A little history on the guy who answers most of the incoming calls at SunCloud Health
People often ask me why I still enjoy taking many of the initial calls that come in from prospective patients and their families here at SunCloud Health. When we first started with three employees at one site 5 years ago, it made sense for me to do this. At this point, with over 40 employees and three locations, on the surface it doesn’t make much sense. My responsibilities now include long term strategic initiatives including moving in to the Residential space and developing an adolescent program, working with payers on alternative payment models, and I am responsible for marketing, security and compliance. An outsider could (and probably would) make a clear and convincing argument that my time would be better served focusing on some of the “bigger picture stuff” and allowing one of our trusted team members to “answer the phones”. For today anyway, I would disagree. Taking these calls doesn’t feel like a “job” and I am honored to make the time to do so. As long as I believe patients and their families get value from spending some initial time with me on the phone, it may be a while before I give it up.
I often say there is not much that I hear on the other end of the phone that I cannot understand or personally relate to in some way or another. As a result, I believe people quickly get a good sense not just for who we are and what we are about but as importantly they feel heard and they don’t feel rushed or judged. I treat people like I would want to be treated if I were on the other end of the line calling and asking for help. I understand the responsibility that comes with these initial calls. I may not be a clinician, but I have been “there” myself and I certainly know who we are, what we do and where we can help.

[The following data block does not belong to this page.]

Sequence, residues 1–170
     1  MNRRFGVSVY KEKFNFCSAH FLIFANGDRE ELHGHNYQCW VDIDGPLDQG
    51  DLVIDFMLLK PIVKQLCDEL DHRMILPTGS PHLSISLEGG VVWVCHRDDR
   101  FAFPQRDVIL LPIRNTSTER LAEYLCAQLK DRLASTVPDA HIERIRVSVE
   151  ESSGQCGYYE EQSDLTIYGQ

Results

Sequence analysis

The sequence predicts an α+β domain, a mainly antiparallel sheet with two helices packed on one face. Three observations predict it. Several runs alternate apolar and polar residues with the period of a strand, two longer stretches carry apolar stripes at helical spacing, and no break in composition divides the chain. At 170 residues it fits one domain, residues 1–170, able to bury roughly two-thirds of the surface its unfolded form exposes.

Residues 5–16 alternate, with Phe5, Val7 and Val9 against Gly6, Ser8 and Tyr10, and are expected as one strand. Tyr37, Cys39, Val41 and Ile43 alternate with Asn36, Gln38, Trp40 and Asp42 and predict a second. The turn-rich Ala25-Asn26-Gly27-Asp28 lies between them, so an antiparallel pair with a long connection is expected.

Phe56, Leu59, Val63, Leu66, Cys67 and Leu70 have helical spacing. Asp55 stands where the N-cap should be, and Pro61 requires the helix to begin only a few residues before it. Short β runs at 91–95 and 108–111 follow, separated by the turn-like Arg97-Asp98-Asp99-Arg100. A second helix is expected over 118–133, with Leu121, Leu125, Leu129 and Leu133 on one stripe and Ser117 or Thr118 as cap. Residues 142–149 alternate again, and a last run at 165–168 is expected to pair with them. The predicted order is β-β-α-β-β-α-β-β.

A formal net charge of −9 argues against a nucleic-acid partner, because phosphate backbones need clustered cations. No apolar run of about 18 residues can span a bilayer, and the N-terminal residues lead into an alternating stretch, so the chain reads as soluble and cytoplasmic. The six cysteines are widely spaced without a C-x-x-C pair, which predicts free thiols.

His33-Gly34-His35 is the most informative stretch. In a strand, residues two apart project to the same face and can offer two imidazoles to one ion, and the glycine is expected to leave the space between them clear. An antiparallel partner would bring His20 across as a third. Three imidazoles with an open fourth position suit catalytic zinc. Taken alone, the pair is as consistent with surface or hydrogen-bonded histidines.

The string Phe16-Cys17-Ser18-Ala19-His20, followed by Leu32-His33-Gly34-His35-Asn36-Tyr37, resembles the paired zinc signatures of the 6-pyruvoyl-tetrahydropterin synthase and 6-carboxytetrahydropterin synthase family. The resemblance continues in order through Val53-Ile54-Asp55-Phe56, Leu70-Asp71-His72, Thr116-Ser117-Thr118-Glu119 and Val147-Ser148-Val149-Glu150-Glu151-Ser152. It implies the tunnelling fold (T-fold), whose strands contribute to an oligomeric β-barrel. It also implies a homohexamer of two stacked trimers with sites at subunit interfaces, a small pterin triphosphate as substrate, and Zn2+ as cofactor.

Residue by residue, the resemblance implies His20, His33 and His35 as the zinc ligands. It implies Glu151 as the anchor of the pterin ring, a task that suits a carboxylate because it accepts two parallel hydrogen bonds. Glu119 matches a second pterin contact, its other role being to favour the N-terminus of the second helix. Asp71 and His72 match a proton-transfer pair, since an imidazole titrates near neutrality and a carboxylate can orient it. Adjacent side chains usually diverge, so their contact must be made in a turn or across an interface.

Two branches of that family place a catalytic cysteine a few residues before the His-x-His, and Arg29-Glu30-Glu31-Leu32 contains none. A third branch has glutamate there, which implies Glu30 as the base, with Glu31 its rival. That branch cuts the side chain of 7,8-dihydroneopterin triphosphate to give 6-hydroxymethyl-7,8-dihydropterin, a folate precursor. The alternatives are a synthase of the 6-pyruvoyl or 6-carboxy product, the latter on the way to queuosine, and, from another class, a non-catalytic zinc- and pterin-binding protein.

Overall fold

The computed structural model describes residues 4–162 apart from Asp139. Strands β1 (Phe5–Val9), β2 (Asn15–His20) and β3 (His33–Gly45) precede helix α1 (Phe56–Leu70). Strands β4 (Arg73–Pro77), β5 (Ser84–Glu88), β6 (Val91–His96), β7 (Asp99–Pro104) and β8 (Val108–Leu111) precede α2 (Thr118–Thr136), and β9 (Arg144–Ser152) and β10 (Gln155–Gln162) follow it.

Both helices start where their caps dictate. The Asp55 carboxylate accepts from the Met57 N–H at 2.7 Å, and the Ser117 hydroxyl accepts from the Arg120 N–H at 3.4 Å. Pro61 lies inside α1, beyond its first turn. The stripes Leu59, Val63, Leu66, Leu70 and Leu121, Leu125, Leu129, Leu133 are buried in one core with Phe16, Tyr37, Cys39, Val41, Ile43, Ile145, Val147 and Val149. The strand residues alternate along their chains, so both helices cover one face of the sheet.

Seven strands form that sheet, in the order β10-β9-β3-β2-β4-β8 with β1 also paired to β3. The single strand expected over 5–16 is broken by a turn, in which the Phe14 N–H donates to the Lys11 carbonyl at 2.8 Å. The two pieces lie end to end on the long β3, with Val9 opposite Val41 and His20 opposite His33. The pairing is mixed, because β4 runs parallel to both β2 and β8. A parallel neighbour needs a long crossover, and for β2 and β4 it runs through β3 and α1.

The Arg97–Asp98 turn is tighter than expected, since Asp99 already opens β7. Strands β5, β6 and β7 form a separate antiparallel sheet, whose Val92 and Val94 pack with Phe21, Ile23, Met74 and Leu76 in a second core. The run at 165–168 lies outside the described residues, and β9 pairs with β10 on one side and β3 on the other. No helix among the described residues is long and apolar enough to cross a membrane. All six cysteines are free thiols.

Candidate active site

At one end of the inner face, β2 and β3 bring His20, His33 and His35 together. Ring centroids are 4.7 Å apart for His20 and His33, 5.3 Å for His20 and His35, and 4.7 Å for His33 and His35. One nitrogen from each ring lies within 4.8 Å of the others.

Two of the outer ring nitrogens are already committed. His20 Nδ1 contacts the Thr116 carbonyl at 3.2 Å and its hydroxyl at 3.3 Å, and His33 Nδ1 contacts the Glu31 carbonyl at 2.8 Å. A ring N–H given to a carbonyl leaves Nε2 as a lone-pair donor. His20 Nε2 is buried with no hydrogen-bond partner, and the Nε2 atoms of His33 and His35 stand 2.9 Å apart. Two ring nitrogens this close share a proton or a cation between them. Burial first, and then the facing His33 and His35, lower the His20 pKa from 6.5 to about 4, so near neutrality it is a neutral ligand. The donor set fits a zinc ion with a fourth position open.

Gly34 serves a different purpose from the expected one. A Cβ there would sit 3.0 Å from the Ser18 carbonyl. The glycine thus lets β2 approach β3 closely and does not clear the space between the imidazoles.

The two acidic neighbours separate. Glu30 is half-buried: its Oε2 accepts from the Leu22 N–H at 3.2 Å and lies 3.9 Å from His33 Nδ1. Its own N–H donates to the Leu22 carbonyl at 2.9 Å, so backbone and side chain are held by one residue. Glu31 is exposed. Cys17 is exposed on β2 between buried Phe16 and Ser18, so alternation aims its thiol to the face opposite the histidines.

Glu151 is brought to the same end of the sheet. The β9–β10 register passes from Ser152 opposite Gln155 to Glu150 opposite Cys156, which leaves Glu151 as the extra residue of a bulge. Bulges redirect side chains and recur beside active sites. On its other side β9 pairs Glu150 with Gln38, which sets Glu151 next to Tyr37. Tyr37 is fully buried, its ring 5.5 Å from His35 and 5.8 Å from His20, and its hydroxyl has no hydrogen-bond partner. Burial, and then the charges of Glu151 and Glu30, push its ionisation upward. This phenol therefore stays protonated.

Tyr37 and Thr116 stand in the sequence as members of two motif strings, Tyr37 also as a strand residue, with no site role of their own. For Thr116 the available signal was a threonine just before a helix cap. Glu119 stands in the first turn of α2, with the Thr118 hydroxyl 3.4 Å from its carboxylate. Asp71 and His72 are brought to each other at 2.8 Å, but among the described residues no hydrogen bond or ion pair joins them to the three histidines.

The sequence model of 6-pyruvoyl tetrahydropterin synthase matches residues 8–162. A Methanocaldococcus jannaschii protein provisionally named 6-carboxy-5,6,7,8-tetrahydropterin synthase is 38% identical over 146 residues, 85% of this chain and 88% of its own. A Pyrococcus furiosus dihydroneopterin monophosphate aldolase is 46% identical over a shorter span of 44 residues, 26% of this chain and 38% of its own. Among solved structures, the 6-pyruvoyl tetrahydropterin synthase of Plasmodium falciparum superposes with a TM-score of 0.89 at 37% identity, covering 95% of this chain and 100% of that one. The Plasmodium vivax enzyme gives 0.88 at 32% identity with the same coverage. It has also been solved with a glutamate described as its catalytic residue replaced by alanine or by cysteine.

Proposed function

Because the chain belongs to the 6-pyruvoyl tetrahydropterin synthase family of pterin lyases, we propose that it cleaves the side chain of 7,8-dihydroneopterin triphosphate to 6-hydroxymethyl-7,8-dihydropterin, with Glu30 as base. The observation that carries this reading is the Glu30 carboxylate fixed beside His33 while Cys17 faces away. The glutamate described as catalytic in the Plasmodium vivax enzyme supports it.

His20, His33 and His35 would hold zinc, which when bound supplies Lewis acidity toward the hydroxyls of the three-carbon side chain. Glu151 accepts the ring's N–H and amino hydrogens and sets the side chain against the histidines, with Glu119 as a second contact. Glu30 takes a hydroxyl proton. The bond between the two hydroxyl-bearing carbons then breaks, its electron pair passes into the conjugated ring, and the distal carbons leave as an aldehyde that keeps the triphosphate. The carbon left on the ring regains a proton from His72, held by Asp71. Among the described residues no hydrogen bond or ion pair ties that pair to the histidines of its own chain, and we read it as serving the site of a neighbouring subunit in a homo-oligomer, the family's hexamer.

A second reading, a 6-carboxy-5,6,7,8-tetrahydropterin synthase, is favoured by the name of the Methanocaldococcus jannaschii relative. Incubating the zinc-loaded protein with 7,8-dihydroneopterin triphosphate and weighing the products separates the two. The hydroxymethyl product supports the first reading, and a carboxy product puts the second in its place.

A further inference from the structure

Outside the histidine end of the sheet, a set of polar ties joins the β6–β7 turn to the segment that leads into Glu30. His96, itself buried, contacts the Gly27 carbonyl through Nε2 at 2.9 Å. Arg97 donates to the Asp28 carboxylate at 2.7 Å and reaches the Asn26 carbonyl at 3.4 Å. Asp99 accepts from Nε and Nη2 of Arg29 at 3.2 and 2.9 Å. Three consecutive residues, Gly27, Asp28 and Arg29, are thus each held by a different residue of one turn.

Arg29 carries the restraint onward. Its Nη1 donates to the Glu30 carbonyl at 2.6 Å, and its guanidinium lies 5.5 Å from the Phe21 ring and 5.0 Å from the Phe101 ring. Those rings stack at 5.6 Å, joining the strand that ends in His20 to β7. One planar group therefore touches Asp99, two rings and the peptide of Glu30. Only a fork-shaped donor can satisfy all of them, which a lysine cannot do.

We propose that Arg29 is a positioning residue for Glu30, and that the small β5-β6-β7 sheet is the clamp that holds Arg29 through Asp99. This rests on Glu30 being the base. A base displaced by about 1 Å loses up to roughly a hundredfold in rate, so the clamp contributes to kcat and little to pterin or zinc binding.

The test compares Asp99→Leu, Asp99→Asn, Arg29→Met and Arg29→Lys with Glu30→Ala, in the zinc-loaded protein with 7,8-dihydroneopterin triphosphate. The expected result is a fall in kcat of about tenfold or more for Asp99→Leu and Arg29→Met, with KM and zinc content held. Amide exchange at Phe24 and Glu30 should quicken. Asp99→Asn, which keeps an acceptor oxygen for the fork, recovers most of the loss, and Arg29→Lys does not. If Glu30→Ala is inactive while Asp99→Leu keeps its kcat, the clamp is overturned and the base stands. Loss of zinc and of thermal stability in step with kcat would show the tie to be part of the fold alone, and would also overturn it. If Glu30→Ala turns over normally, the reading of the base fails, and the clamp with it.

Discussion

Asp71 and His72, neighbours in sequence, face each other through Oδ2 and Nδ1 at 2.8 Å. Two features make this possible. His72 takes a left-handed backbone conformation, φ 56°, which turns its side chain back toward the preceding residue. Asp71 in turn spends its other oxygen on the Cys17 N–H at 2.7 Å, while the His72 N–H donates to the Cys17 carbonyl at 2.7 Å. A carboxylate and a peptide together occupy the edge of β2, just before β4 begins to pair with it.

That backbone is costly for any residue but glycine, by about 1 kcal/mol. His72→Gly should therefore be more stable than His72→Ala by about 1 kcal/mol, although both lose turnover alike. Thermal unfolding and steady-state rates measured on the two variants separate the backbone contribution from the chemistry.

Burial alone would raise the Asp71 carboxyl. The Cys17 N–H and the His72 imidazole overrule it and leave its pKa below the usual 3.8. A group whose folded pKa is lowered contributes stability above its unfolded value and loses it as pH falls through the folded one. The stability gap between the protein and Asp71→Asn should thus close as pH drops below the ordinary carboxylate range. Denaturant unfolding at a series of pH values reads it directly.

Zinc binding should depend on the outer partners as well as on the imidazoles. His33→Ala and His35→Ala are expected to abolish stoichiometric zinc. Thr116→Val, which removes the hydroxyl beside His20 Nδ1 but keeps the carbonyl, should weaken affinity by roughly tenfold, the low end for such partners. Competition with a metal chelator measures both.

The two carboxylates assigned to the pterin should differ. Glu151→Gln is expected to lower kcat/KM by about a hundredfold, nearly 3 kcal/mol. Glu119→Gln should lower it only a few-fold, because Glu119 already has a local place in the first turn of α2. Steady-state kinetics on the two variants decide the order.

My personal experience with mental health and addiction started very early on… Apparently, my mom who I love to death put me on a “lettuce diet” when I was two years old because I was too heavy for her liking. She’s nearly 80 today and has lived with her own eating disorder for at least as long as I have been alive. My parents divorced when I was 10 and in hindsight that was the beginning of the short term end for me. It was if the ground underneath me opened and I fell right through in to the dark abyss. I think I saw my first psychiatrist when I was about 8, and I have been seeing one regularly pretty much ever since for long standing anxiety and depression. My father was an untreated alcoholic, gambling addict and severely depressed man. He was physically aggressive with me on at least one occasion. In an attempt to keep food on our table, my mom went back to school and then to work following the divorce. Unfortunately, she went MIA for about 5 years while I cooked meals for my younger sister and waited at home in a panic back by the front door for her to return in the evenings. As I did what I could to gain some control over my suddenly out of control life, I took to running 6 miles per day every day by the time I was in fifth grade. I was the youngest by far on the trail at 5 am! Not surprisingly, I ended up at the Inpatient Psychiatric Unit at Michael Reese Hospital in the middle of my junior year of high school for a very bad case of anorexia and bulimia where I spent nearly four months.